How loudly should you speak? As a rule of thumb, you want to speak loudly enough for the person in the back row to hear you. A crowd size where you can do so without shouting is usually about the size of a standard classroom.
In auditoriums or large rooms, you ought to have a microphone. When holding a microphone, hold it at least a fist’s length away from your mouth (you don’t want the audience to hear you breathing!).
Speak as if having a conversation with someone twenty feet away or so. Remember that this is hugely subjective and you’ll have to gauge volume for yourself, but you can never go wrong speaking strongly, clearly, and confidently.
Nothing will lose the audience faster than a speaker who is monotonous. Similarly, voice fluctuation is an effective tool for engaging the audience.
Start by deciding which points you want to emphasize while speaking, and make sure that your tone reflects this. Speaking louder is the common way of emphasizing a point, but what is less common is speaking loudly and then almost coming to a whisper (while still audible) when making a crucial point.
The audience will have to really listen to hear and will wonder pay attention when things get quiet. People notice instantly when a room becomes very quiet and a speech is no different.
Voice Fluctuation Exercise
Next time you’re having a conversation, pay attention to how your voice naturally fluctuates. This typically doesn’t translate to speeches because too much focus is placed on content and too much caution on speaking clearly, but everyone has the ability!
The most common mistake made while speaking is using filler words. “Umm, like, so, you know” are just a few.. and it’s not surprising.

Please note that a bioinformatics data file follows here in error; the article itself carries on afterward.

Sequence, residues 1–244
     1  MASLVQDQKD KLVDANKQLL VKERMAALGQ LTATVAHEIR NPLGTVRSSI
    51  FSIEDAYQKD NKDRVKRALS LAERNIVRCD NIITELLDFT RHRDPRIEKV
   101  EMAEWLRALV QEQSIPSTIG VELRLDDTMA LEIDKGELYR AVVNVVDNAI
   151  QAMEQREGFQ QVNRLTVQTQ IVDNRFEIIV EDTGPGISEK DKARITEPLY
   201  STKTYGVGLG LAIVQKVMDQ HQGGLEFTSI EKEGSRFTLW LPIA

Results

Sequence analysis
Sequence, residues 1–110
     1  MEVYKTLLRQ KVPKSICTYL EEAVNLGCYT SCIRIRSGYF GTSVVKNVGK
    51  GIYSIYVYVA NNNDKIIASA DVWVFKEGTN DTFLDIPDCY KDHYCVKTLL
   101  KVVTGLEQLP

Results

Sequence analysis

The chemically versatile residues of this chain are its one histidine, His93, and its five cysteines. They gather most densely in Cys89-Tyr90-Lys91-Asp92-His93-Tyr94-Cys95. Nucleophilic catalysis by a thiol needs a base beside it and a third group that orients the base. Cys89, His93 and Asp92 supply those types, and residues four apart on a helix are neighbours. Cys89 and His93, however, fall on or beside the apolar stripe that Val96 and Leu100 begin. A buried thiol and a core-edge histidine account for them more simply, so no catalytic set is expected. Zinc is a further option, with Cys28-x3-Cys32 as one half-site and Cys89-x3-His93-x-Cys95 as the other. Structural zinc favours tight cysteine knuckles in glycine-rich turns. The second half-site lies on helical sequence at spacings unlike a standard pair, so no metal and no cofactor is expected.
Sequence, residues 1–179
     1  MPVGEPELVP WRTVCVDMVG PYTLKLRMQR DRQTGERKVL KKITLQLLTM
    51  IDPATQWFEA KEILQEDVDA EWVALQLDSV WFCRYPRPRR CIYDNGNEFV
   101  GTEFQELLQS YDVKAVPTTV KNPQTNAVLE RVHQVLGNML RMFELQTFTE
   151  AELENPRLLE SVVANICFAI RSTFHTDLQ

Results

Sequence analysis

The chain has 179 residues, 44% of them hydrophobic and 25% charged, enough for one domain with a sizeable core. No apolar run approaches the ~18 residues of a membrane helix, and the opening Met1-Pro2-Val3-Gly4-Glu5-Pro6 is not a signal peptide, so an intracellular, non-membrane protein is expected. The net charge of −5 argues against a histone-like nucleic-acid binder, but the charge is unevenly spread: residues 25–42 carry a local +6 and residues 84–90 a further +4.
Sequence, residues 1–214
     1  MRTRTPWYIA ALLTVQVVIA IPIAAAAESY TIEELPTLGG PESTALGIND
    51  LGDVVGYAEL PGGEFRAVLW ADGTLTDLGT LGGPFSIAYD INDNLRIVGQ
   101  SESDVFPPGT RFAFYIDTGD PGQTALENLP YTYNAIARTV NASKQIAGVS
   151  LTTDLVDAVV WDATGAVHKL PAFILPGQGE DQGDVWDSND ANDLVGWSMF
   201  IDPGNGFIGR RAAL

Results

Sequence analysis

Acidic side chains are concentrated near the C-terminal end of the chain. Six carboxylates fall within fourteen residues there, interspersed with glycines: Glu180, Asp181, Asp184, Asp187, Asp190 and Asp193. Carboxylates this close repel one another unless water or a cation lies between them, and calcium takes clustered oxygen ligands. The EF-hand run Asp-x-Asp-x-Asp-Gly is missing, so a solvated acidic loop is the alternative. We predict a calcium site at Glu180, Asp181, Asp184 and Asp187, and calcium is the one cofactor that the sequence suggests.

People get nervous and feel the need to fill pauses while speaking. The best speakers know that these pauses in-between speech is natural – nobody thinks instantly – but fill it with silence.
It’s okay to pause in a speech for a second or two and is often done for dramatic effect. Getting rid of nervousness (discussed in Self-Confidence) can help with filler words, but all in all, it comes down to being okay filling pauses with silence and speaking strongly and confidently.
If you feel a passion for what you’re speaking about and are confident in what you have to say, you’ll notice that filler words start to dissipate.
Filler Words Exercise
Every time you’re interacting with someone in the service industry (ordering food at Subway, speaking with a waiter, or talking to a cashier at checkout) try to use no filler words and keep track of the ones that you do.
If you need a moment to think, just pause and learn to be comfortable with a moment of silence. This exercise will help you to react under pressure in a form other than using filler words and train you to be able to both